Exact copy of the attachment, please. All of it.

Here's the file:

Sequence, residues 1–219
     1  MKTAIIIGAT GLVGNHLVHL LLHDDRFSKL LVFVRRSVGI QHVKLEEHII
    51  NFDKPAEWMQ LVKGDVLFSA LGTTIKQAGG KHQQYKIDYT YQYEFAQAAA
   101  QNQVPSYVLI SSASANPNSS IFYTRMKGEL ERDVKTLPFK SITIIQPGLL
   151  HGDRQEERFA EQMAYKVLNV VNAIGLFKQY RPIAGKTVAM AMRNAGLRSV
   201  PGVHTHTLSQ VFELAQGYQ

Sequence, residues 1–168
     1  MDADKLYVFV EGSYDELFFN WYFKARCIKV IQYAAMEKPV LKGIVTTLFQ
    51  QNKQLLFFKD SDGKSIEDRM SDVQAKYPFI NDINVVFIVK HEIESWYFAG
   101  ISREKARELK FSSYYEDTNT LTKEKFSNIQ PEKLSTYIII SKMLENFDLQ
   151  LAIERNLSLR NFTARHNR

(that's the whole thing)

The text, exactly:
Sequence, residues 1–219
     1  MKTAIIIGAT GLVGNHLVHL LLHDDRFSKL LVFVRRSVGI QHVKLEEHII
    51  NFDKPAEWMQ LVKGDVLFSA LGTTIKQAGG KHQQYKIDYT YQYEFAQAAA
   101  QNQVPSYVLI SSASANPNSS IFYTRMKGEL ERDVKTLPFK SITIIQPGLL
   151  HGDRQEERFA EQMAYKVLNV VNAIGLFKQY RPIAGKTVAM AMRNAGLRSV
   201  PGVHTHTLSQ VFELAQGYQ

Sequence, residues 1–168
     1  MDADKLYVFV EGSYDELFFN WYFKARCIKV IQYAAMEKPV LKGIVTTLFQ
    51  QNKQLLFFKD SDGKSIEDRM SDVQAKYPFI NDINVVFIVK HEIESWYFAG
   101  ISREKARELK FSSYYEDTNT LTKEKFSNIQ PEKLSTYIII SKMLENFDLQ
   151  LAIERNLSLR NFTARHNR